On the evening of October 23rd, 2012 a teenaged boy was walking on the sidewalk when he was approached by a male in a car in the vicinity of Sim’s Market in the 600 block of West Broad Street in Bethlehem. The male in the car told the boy that he was sent by the boy’s father to pick him up. The boy thought this was suspicious and told the male “No”. The boy turned the corner and ran home. The man in the car followed for a short while before stopping. The car was not seen after that time.
The male in the car is described as follows:
- Hispanic male
- Age: 40s
- Wearing glasses
- Spoke with scratchy voice with no accent
The car is described as:
- Dark colored Subaru
- Possibly purple
- Nothing else described or distinguishing
If anyone has any information on this incident, please contact Bethlehem Police Detective Sergeant David Bartera at 610.865.7187 or DBartera@bethlehem-pa.gov.
The boy in this incident did everything right. He recognized that this was suspicious, told the man “No” and ran home and reported the whole incident to his parent. The parent did the right thing by calling the police and reporting this incident. Having a talk with your children about bad things can be very difficult to do, but can also make all the difference when bad things happen. Are you prepared? Have you had these difficult talks with your children? If not, please consider it. Here are some tips on what to tell them.
Tips for Keeping Kids Aware and Safe
- Teach your child to always “CHECK FIRST” before s/he goes anywhere with anyone at any time for any reason. This includes going with relatives and people the child knows. They should always check first with the person who is caring for them at that time. If it is impossible to check with the caregiver, then the answer is “NO! You may not go.”
- Teach your child, when s/he is outside, to always walk with at least one other person. Groups of more than two are better.
- When your child is outside the house, do not allow him or her to wear clothing or a backpack or other articles with his/her name visible on it. Children are more likely to trust someone who calls them by name.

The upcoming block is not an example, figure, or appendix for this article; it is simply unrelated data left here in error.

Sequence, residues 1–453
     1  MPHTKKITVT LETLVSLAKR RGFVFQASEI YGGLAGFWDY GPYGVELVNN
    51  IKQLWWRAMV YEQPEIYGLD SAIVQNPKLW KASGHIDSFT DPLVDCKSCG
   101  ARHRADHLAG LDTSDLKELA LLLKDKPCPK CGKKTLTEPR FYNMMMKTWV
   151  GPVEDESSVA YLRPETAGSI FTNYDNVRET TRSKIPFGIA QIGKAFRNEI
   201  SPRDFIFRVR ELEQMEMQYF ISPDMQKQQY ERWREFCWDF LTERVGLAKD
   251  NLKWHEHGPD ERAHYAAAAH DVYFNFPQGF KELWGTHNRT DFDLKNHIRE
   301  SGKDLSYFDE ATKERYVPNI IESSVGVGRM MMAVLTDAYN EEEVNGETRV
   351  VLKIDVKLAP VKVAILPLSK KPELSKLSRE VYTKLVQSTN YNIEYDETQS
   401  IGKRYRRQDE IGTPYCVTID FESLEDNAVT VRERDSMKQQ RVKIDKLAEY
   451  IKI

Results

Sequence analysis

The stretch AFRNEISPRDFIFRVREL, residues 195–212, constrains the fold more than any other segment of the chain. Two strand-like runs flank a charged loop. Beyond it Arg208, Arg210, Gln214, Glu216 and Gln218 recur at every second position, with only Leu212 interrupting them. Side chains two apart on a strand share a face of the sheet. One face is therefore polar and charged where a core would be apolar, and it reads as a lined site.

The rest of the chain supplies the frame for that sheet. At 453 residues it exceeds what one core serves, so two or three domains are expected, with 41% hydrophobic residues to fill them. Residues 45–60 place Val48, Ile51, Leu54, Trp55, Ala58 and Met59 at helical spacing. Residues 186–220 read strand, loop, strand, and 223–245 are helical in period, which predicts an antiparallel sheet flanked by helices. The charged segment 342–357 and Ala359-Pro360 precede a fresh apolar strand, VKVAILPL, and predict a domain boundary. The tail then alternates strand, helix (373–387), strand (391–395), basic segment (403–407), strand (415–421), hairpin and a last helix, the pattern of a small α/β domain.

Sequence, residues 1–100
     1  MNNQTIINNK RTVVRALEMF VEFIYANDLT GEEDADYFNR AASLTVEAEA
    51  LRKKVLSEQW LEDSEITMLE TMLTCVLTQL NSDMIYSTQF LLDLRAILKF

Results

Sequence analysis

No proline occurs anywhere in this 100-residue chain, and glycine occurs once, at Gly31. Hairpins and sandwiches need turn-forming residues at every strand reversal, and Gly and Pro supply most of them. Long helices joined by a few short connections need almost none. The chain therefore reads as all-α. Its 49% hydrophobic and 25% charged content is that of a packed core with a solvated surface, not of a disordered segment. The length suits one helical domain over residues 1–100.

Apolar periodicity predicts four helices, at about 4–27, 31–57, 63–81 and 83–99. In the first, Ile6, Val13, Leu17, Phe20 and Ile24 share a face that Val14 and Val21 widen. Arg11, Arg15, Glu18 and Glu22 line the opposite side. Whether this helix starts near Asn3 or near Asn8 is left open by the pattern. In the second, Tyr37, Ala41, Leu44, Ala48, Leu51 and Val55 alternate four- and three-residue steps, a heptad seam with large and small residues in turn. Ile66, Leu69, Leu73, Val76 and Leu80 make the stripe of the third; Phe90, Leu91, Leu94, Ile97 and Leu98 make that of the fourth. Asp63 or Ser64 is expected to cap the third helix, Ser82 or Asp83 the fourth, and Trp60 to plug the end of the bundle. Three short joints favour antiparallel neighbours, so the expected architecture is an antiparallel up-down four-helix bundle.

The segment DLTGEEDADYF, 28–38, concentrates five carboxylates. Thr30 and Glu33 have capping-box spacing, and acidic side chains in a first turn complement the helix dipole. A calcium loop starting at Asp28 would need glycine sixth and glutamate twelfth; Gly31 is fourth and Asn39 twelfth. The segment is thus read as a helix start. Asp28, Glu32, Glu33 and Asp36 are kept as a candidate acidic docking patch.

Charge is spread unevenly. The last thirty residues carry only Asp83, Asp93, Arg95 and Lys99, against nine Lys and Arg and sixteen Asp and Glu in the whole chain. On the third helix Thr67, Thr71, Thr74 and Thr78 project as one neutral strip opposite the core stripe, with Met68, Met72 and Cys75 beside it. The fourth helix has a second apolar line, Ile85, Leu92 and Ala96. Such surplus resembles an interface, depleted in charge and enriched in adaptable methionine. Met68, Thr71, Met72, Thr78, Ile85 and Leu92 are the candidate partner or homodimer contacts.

- Teach your child to stay more than an adult arm’s length away from any car that is occupied by a person trying to talk to him/her, so that they cannot be reached by the person inside the car.
- Teach your child if someone encourages him or her to get into a car, to help find a lost pet, or to leave with them for any reason, s/he should yell “NO” as loudly as possible and run to the closest adult whom they know and trust. Yelling “No,” also called the POWER NO, indicates your child has been prepared for the situation.
- Teach your child to run in the opposite direction from the one the car is facing. It is harder to drive in reverse than straight ahead.
- Teach your child their full name, address and if, there is one, the “best” phone number (including area code) to call in case of an emergency. If you make it into a song, younger children may be more likely to remember it. If no phone number is reliable, teach your child to call 911 for help.
- Teach your older child to pay attention to the color and make of the vehicle and/or its license information (state and number), the physical characteristics of the person(s), and where s/he was when approached. Suggest that this information be written down as soon as it can be done safely.
- Remind your child to call 911 to report any attempted luring.
- Make a daily note of the clothing your child is wearing just in case you need to provide that information later. Keep your child’s ID Kit with a current school picture, or other recent photograph, handy.
Parents are now encouraged to avoid using the term “stranger danger.” It tends to induce fear. In addition, statistics show that it is more often someone the child knows, rather than a stranger, who inflicts harm. Besides, there are many ways an adult can convince a child s/he is not a stranger.
For more tips and helpful safety information, you can visit Safety Kids,Inc.